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January 31, 2007

The Disarming of The Googlebomb

The new anti-Googlebomb algo change has been getting a lot of attention lately. I have to admit that when the news first came out I was a bit concerned about how this would be handled.

Please tell me, GoogleMaster, that my countless hours of linkbuilding have not been deemed worthless.

As most of you know Google is always quite tight-lipped when it comes to discussing algorithm changes, so I spent some time researching this issue and after a little push, er begging encouragment from my boss, I decided to write about what I think about all this hype.

As I stated, from an SEO perspective this news was quite earth shattering, just check out the industry blogs and forums and you'll see that everyone is talking about Googlebombs everywhere. I have however, decided to stay off from the Google conspiracy/paranoia bandwagon...for now anyway. We have yet to see any effects from this algo change for any of our or our clients' sites.

This is not to say that I completely agree with what Google is doing.

Here is a past statement regarding Google's stance on Googlebombing from a New York Times article in December 2003:
Craig Silverstein, Google's director for technology, says the company sees nothing wrong with the public using its search engine this way. No user is hurt, he said, because there is no clearly legitimate site for "miserable failure" being pushed aside.

Moreover, he said, Google's results were taking stock of the range of opinions that are expressed online. "We just reflect the opinion on the Web," he said, "for better or worse."
With the new algo in place Google is no longer going to "reflect the opinion of the web" (and those that use it). Although, we in the SEO industry are continually trying to manipulate the SERPs to our benefit, for Google to intentionally disable this type of popular opinion/commentary is a true detriment to the web and America's dwindling free speech rights. I understand Google's concerns over users thinking that the famous Googlebombs, such as George W. Bush's miserable failure, were of their own opinion, which is partly why they chose to impliment the change, according to Matt Cutt's , Google Engineer. However, by implimenting this change are they now not editing (or more presicely censoring) others' opinions instead?

There have been many theories on how Google is implimenting this new anti-Googlebomb algo. However Matt Cutts says on his blog, "I don’t think we’re going to get into discussing the internals of the Googlebomb algorithm other than to say that it’s due to improved link analysis".

"Improved link analysis"

This is not saying they are discounting huge numbers of backlinks. What I have taken from this is the possibility that if the target URL has tons of "off-page" optimization for a certain keyphrase, but very little or no "on-page" optimization for that same keyphrase, then it might be considered a Googlebomb. That is to say, backlinks which have anchor text not related to the content of the URL they are directing to, or the landing page, shall be completely ignored, or discounted, by the new algorithm changes.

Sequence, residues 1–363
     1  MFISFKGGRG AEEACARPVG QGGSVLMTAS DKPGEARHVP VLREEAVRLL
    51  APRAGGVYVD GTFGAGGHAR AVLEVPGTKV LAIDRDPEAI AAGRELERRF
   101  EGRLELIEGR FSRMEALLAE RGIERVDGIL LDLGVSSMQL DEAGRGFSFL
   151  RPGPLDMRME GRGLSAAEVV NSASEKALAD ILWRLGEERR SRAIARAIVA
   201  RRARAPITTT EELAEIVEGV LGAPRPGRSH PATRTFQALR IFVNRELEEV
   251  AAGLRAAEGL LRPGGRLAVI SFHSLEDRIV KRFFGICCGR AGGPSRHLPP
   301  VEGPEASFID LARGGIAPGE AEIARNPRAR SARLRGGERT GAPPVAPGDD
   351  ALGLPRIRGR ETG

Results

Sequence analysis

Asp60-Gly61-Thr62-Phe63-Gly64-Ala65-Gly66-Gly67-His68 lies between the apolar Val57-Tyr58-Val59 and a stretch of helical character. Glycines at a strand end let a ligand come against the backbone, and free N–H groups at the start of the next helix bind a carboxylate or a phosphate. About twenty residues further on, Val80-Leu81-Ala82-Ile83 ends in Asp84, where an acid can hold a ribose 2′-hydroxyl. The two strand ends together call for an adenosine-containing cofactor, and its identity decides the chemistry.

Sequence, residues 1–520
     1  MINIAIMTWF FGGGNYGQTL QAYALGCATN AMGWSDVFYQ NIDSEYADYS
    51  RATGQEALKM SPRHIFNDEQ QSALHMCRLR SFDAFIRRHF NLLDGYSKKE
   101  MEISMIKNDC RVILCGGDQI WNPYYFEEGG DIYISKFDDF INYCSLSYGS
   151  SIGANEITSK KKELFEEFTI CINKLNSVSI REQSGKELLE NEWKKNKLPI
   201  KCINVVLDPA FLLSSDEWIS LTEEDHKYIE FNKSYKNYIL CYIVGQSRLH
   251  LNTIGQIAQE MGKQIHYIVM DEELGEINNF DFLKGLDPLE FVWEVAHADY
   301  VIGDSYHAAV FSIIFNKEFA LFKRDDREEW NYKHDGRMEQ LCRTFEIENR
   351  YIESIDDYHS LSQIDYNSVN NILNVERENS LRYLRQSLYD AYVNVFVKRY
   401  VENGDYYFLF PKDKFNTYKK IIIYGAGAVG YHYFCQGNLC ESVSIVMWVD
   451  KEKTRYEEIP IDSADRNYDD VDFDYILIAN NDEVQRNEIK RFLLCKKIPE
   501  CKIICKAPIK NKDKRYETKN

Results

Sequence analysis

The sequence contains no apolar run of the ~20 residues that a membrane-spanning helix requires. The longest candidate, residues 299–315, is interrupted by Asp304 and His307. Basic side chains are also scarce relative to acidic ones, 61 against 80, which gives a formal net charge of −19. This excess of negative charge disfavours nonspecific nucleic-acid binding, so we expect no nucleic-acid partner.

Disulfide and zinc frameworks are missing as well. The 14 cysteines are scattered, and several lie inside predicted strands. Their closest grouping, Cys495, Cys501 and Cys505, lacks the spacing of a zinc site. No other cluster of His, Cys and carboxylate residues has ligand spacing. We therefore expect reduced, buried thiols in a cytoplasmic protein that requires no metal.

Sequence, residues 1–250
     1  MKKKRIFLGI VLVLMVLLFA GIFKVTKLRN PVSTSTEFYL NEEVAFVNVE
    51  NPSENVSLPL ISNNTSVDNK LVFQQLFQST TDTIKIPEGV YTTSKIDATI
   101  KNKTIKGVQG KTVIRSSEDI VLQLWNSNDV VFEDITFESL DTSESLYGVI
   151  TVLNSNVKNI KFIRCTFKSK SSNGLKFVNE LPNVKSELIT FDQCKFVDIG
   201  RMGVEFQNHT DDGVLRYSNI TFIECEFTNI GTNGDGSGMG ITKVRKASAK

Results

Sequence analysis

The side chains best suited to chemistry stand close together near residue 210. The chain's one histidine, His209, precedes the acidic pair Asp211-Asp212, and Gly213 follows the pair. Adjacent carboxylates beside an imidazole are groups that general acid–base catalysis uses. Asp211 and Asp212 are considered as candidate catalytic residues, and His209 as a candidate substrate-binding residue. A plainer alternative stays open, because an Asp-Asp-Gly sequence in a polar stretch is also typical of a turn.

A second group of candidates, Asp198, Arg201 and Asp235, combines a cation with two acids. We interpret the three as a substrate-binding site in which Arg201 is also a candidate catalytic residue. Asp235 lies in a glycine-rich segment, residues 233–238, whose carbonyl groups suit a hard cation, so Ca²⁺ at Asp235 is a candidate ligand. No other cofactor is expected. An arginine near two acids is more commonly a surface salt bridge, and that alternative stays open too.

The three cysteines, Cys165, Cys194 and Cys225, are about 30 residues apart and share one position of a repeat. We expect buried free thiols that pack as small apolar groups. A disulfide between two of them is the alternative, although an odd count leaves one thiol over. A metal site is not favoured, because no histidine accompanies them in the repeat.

Matt also explains the scope of the anti-Googlebomb algo on his blog:
Here’s a good way to think of the algorithm. If queries were sand, and Google’s daily queries was a big pile of sand, this algorithm would affect less than a couple hundred grains of sand. It really does have a very limited scope and doesn’t affect a large fraction of queries. The intent of the algorithm is to minimize the impact of "true" Googlebombs, which occur when someone is causing someone else's page to rank for stuff that they wouldn't want to rank for themselves.
Here's to hoping my grains of sand remain in Google's unaffected sand pile! ;)

While pouring over the many comments over at Matt Cutts blog, I found that user "jonydzine" pretty much took the words right out of my mouth:
That’s good to know… but I am a bit torn. Somewhere in the back of my mind, I think these kind of things are actually good. I mean people will always prank and find a way to prank, and most of these instances that I’ve seen of Googlebombing, I think people need to get a sense of humor, including some presidents (I will not name names, of course). I’m sure that in some sense of abuse, it is good that this thing not go unchecked. However, I hate to see one of the last forms of "free" speech become a bit more sterile. Isn’t it American to sign the declaration of independence in extremely large letters to add insult to the King? Didn’t we toss a boat full of tea back into a harbor a while back? Just seems that good ol’ hooliganism and shenanigans to get a point across or to chide people to let you know what they think is a very American tradition and despite what good it may do to sterilize the net of abuse, a part of me is sad… :)
And you know… some big fella once said "there is no such thing as BAD publicity…" of course, I don’t think he was a politician.
So there ya go, thanks Matt and Google, for making us all a bit less evil…"

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